OK, I admit it. I’m a huge fan of Steve Rinella.
I first became aware of him when I reviewed his book, American Buffalo, for this magazine some years ago. I enjoyed that book immensely, so when my three sons alerted me to the presence of many episodes of his Meat Eater television program on Netflix, I binge-watched them as soon as each series became available. I subsequently ordered another of his books from the United States and waited impatiently for it to arrive.
When American Hunter: Adventures from the life of an American hunter finally landed in my mailbox, I wasn’t disappointed.
The book starts at the beginning, logically enough, recounting local squirrel hunting adventures from Rinella’s childhood in Michigan. He and his brothers were allowed to tote a .22 rifle and shotguns unsupervised as young as 10 and 12 years of age! As if I wasn’t already completely captivated, Chapter 3 sealed the deal as Rinella discussed his fascination with the role of fur trappers in the discovery and settlement of America’s west. That fascination sparked his own determined but ultimately futile attempts to earn a living trapping muskrats, mink, foxes and racoons in the woods near his home.
As a young teenager I shared a similar dream and the 40 or more rabbit traps that hang in my office as I type represent some of the pieces of that shattered aspiration.
Thereafter follow chapters tracking Rinella’s progression from a child obsessed with hunting for money to an adult obsessed with hunting for food. Hunting for black bear, deer, caribou, mountain lion and Dall sheep is all covered, initially in the context of three university students conducting their version of subsistence hunting, and more recently from Rinella’s perspective as a hunting writer feeding his young family from wild-sourced meat even though based in the concrete jungle that is New York.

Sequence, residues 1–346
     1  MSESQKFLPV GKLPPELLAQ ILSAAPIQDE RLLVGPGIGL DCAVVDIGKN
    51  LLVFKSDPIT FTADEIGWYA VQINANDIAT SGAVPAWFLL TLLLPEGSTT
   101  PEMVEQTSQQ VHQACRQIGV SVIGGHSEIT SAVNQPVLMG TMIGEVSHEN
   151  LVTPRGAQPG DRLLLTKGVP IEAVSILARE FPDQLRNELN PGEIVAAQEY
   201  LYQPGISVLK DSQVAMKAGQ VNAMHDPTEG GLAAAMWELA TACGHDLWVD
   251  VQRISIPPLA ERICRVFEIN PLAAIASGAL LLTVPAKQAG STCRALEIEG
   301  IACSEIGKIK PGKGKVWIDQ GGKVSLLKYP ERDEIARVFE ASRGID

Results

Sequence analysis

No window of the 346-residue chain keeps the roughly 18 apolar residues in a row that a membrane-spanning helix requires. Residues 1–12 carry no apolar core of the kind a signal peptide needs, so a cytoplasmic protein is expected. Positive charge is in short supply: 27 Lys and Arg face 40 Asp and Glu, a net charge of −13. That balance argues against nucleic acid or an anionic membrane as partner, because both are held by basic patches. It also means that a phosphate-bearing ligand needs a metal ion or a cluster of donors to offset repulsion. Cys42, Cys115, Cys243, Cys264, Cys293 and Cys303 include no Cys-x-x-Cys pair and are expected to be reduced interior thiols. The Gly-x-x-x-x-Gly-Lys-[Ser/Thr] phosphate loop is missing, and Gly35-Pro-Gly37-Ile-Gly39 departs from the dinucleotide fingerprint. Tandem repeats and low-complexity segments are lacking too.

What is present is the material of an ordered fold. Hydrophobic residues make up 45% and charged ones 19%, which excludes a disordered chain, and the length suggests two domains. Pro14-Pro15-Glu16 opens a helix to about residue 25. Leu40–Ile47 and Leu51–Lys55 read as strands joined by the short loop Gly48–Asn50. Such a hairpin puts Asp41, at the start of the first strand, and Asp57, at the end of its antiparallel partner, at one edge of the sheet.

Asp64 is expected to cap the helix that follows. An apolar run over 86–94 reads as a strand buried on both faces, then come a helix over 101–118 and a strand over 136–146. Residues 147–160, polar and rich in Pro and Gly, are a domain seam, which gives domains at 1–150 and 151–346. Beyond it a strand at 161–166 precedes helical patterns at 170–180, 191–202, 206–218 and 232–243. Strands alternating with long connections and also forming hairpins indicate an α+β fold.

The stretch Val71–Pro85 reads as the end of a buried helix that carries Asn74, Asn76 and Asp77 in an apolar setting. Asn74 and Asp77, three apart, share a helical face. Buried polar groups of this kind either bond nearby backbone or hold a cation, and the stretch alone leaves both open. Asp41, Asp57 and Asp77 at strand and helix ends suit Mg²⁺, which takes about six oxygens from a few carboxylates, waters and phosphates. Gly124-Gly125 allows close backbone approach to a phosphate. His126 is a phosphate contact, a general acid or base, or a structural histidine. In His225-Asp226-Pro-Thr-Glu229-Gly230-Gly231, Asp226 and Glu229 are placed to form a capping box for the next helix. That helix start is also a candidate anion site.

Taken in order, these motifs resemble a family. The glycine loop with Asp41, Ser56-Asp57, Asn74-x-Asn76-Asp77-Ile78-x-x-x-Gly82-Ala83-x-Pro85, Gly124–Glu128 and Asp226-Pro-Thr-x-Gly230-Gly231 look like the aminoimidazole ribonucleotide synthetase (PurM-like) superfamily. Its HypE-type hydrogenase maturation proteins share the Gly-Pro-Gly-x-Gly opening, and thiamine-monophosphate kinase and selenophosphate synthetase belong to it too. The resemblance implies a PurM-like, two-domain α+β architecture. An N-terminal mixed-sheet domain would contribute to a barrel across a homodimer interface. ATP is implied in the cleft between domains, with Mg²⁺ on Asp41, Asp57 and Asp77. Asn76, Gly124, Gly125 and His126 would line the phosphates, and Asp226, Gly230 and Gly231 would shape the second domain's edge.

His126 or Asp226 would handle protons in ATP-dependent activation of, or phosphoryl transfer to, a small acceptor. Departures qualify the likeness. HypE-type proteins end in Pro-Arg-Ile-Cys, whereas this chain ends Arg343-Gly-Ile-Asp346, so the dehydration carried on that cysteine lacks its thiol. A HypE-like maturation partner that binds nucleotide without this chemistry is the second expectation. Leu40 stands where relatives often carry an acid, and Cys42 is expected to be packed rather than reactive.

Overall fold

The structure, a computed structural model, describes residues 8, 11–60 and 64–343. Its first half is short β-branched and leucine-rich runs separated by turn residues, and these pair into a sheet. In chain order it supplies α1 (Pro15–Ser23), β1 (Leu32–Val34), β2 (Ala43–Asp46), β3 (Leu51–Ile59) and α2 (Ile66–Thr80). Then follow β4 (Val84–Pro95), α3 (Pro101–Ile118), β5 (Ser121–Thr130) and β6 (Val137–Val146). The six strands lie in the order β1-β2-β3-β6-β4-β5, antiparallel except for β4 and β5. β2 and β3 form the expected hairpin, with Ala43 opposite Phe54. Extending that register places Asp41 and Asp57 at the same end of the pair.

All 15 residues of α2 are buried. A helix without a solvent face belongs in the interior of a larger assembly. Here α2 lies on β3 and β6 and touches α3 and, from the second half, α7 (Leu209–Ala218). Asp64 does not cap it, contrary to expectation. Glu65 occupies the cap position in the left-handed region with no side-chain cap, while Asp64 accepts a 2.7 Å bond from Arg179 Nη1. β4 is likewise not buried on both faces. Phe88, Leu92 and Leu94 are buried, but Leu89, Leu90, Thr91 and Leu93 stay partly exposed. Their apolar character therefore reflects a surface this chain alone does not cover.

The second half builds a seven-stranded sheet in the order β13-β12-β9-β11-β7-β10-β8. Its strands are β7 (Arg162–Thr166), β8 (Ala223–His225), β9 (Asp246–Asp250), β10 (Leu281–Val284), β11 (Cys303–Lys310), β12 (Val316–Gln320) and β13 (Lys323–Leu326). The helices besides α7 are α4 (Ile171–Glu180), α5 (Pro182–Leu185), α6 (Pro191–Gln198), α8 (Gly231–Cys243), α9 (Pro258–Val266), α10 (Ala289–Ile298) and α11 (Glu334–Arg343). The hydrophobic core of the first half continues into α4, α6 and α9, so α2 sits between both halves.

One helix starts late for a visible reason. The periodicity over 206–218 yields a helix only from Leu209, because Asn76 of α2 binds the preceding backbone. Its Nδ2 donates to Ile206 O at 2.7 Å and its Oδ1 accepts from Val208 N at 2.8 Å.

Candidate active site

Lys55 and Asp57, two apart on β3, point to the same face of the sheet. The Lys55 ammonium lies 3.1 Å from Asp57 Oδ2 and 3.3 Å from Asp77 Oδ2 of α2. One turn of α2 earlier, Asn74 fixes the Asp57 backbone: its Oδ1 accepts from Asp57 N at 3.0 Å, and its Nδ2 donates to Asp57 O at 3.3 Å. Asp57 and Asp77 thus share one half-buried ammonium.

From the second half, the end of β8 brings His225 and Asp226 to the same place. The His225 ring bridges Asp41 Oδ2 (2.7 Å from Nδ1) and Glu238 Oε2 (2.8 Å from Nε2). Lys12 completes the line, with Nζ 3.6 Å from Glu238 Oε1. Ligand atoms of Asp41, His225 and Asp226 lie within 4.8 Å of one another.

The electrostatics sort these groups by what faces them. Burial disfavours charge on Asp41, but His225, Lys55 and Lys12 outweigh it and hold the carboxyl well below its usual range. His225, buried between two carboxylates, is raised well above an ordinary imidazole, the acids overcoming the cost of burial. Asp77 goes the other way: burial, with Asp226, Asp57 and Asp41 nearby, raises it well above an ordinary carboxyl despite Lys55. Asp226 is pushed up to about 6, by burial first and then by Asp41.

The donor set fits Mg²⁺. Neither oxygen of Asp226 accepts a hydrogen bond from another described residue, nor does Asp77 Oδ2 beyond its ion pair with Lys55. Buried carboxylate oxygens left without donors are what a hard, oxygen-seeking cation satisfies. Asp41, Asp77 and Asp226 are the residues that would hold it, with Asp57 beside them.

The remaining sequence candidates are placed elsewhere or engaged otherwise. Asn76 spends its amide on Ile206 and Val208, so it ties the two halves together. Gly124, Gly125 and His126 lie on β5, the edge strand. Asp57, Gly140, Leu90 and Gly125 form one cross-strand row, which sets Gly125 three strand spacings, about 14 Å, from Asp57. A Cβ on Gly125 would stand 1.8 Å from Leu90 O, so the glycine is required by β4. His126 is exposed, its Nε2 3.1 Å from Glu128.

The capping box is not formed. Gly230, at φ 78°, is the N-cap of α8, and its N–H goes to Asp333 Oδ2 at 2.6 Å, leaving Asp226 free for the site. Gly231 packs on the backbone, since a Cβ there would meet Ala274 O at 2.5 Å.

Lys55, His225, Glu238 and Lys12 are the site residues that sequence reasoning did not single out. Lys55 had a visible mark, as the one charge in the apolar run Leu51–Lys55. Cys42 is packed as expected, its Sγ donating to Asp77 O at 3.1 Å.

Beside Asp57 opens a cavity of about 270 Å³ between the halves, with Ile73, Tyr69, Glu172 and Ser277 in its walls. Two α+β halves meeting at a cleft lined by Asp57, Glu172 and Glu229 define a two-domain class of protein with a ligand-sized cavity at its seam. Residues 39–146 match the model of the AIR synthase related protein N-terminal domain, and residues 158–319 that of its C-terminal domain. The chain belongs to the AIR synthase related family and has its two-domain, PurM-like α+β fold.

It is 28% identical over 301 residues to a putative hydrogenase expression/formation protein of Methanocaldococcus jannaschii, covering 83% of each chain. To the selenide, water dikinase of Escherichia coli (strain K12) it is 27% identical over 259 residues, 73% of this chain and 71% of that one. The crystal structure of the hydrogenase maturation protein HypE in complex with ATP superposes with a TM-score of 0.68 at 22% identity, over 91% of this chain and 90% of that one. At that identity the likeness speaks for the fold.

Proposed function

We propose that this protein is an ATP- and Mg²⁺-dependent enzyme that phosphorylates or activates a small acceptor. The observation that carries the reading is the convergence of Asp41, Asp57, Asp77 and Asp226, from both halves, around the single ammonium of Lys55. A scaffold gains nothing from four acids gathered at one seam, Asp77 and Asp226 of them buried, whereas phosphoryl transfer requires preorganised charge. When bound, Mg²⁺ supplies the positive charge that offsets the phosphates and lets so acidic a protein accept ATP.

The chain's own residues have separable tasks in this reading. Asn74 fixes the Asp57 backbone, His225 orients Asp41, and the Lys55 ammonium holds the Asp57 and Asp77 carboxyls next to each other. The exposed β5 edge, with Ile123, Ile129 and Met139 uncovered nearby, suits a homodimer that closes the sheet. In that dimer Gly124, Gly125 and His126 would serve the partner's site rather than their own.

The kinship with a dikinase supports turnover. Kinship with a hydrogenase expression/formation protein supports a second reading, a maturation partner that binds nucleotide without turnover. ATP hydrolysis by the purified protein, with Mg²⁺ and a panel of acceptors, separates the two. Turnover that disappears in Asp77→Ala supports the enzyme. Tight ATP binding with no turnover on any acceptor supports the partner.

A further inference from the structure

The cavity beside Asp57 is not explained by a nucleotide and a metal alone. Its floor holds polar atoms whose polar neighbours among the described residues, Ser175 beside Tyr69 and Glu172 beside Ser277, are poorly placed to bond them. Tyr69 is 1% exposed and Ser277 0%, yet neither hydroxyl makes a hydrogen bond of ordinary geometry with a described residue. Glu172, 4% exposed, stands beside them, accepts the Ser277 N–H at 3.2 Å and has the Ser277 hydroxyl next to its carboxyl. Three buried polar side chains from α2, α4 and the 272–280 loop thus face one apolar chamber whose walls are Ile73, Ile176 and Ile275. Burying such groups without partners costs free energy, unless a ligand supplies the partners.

Along the way there are chapters discussing catch and release fishing, which Rinella describes as ``playing with food”, and a chapter dedicated to the complicated topic of hunting ethics, or “killing proper”.
Not surprisingly, the premise on which the book is written is that the main purpose of hunting animals is to eat them. Accordingly, each of the 13 chapters ends with a few pages of “Tasting Notes” that focus on the qualities and peculiarities of the meat of a range of different species. Squirrel, beaver, bear, salmon, deer, mountain lion and more, Rinella has eaten it all and invented weird and wonderful ways to prepare even the strangest body parts. He is very much focused on using as much as possible of every animal he kills, and I like that.
I don’t use this cliché very often because it’s not often true … but this was a book I literally couldn’t put down. I read it cover to cover in a single day.
I really enjoy the thoughtfulness Rinella puts into both his hunting and his writing. I love his hunting ethics and philosophy too, and how he is able to articulate that philosophy in a way that I have never been able to. At several places in the book, as Rinella described aspects of why he hunts, I found myself nodding in agreement and thinking to myself “yep, that’s it!”. His writing is intricately descriptive, too, with fine details gleaned from Rinella’s substantial knowledge of wild animals, American history and the natural world providing a colourful and informative backstory to each chapter.
As an aspiring outdoor writer myself, this book brought me great inspiration albeit tinged with just a little jealously that I am unlikely to have the adventures Rinella has had, nor describe them nearly as well.
As Rinella explains in the opening chapter, Meat Eater is not a how-to book. It is a book that attempts to answer the questions “why I hunt, who I am as a hunter, and what hunting means to me”.
If, like me, you enjoy delving into these questions yourself, then you should get this book, because it is also a bloody good read.
Written by: Steve Rinella
Published by: Speigl and Grau Trade Paperbacks, New York
Content: 245 pages plus 16 pages of colour photographs.
Price: About US$20
Available from: Several on-line outlets
Reviewed by: Martin Auldist